Friday, October 28, 2011


This time, it's new-old-stock fork axle caps!

These are in excellent, unsued condition and if I'm lucky they might even fit! I'll try them out tomorrow... fingers crossed.

Wednesday, October 26, 2011


I found this over at Chopcult the other day and I couldn't agree more:

"To some discerning eyes, BSA motor styling represents the quintessence of 20th century art deco perfection."

Tuesday, October 18, 2011

Almost to be expected.

The other day I was examining the fork axle caps a little closer when I noticed a hairline fracture on one of them. You can just about see it in the photos below.

Now, this really is a tiny, contained fracture that you might not even notice if it were on your bike, riding regularly. And it probably isn't a problem... but now I've seen it and I can't just ignore it. I know the proper thing to do would be to replace it and if I find new-old-stock parts I will. You see, the caps you can buy new from all the usual suppliers are newly machined from solid billet and just look...too shiny. They're excellent quality and I would recommend them to anyone, but having seen them on other OIF machines I personally find them a bit of an eye sore. So, I'll start looking for NOS replacements and see what's what.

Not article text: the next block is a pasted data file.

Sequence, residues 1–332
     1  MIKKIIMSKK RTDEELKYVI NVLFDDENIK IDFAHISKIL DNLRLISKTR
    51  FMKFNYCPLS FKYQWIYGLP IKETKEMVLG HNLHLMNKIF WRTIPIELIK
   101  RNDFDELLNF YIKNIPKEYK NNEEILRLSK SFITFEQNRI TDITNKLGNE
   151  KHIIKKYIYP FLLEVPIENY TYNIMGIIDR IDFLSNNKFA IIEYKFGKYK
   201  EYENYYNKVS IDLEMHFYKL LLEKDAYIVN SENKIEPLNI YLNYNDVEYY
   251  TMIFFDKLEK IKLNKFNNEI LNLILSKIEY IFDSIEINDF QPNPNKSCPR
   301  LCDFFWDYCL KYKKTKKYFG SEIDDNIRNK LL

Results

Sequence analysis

Saturday, October 15, 2011

Supreme bits of OIF.

The latest delivery from the UK is a small box of bits straight from Supreme Motorcycles. From top to bottom and left to right:

a pair of fork gaiters, two big nuts (teehee!) for the rear axle (actually one is a spare), a dust shield for the left hand side of the front conical hub, the circlip behind said dust shield, four stainless steel handlebar cable clips (these always make for a tasty detail on any classic bike), a glass of orange juice, strictly speaking not from Supreme, the 12 nuts are for the fork axle caps (four are spare) and these will need good split washers, the four screws and alloy washers are the fork drain plugs (two are spare), replacement fork slider studs, front wheel bearings.

I've "decided" to go for the gaiters because they are more in keeping with my idea of a vaguely 1950s universal motorcycle: the K70 tires to allow you to go on all surfaces, the cast iron side stand to park safely anywhere, a single carburetter for no-nonsense reliability, the gaiters to keep dust from reaching the seals and preserve the stanchions. Fitting these isn't always straightforward and installation requires some care as the gaiters can split along the seam.